That being said, Explaining the Brain still does a great job in reconstructing the features of good explanations in neuroscience. Craver is especially innovative and convincing on matters of causal relevance and interlevel integrations, which are central to neuroscience, but also to biological and social sciences. The book is thus not only relevant and challenging for those interested in explaining the brain, but more generally for those trying to explain complex phenomena in terms of constitutive mechanisms.
Jean Jacques Rousseau
Woodward, J. New York: Oxford University Press. Oxford: Oxford University Press, , pp. To his credit, Neuhouser does not assume such a narrow view. Instead, by taking up and refining arguments made by commentators such as Nicholas Dent, Joshua Cohen, and r Blackwell Publishing Ltd. That Rousseau has a theodicy at all may come as a surprise to even his most attentive readers, given that Rousseau is not an explicit theologian the closest approximation coming in the voice of the Savoyard Vicar in Emile. But where a theodicy implies the justification of divine goodness despite the persistence of this-worldly evil, Neuhouser— operating within a tradition of Rousseau scholarship that can be traced as far back as Immanuel Kant pp.
Accordingly, it is in amour-propre, understood fundamentally by Neuhouser as a drive for recognition, that Rousseau finds the cause of our human ills, as well as the secular source of our salvation. Neuhouser invokes this r Blackwell Publishing Ltd. In the case of Rousseau, however, r Blackwell Publishing Ltd. Reviews Neuhouser finds a tension between the internal and external sources of rational motivation illustrated by Emile on the one hand and the Roman citizen on the other.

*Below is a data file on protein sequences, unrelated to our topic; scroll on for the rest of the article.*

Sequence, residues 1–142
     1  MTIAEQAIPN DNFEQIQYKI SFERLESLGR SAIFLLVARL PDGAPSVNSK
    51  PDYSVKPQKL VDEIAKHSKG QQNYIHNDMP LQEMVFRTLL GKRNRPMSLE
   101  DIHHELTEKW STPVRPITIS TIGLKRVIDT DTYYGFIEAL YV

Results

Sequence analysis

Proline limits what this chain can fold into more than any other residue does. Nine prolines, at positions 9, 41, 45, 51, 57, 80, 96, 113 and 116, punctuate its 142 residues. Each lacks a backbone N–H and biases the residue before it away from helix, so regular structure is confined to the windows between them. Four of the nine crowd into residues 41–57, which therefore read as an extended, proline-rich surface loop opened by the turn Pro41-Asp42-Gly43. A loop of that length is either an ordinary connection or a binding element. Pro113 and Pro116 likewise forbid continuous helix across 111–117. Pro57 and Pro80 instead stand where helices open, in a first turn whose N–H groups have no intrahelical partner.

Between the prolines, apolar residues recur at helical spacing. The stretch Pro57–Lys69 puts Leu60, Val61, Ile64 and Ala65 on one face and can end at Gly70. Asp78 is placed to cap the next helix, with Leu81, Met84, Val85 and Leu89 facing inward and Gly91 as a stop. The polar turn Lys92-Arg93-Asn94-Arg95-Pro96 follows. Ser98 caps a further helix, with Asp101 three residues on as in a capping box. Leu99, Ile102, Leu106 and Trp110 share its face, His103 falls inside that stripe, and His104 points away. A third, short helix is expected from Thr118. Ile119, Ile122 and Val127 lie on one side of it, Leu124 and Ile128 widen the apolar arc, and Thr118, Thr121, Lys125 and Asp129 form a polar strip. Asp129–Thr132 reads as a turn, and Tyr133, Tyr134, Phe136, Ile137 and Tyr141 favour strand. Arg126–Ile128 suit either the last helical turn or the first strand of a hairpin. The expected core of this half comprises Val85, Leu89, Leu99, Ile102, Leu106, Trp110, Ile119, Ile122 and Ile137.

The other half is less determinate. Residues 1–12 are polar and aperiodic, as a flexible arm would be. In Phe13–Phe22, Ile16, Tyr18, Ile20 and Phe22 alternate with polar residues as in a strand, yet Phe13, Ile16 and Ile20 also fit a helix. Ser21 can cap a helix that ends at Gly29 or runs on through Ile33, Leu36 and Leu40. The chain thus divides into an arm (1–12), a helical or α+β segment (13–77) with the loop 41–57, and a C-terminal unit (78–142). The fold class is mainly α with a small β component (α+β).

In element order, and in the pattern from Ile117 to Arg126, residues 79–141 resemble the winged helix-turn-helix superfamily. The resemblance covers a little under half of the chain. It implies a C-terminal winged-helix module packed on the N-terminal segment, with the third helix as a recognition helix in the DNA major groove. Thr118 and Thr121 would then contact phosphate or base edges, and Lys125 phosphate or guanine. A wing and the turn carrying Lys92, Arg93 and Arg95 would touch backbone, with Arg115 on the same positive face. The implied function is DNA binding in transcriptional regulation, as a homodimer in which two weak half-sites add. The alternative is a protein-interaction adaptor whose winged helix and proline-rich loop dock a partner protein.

Neuhouser, I think, is right to pay special attention to this crucial qualification, which has not been stressed enough in the existing literature. In other words, resolving the antinomy means recognizing the fundamentally intersubjective character of the standpoint of reason. It is thoroughly engaged with the contemporary literature, and deserves to be included in the canon of recommended Rousseau scholarship.
It will likewise be r Blackwell Publishing Ltd. I will therefore offer some remarks to that end, and then pose a few questions. This in itself is not problematic. Shows typical wear. Quick shipping. Satisfaction guaranteed! Seller assumes all responsibility for this listing.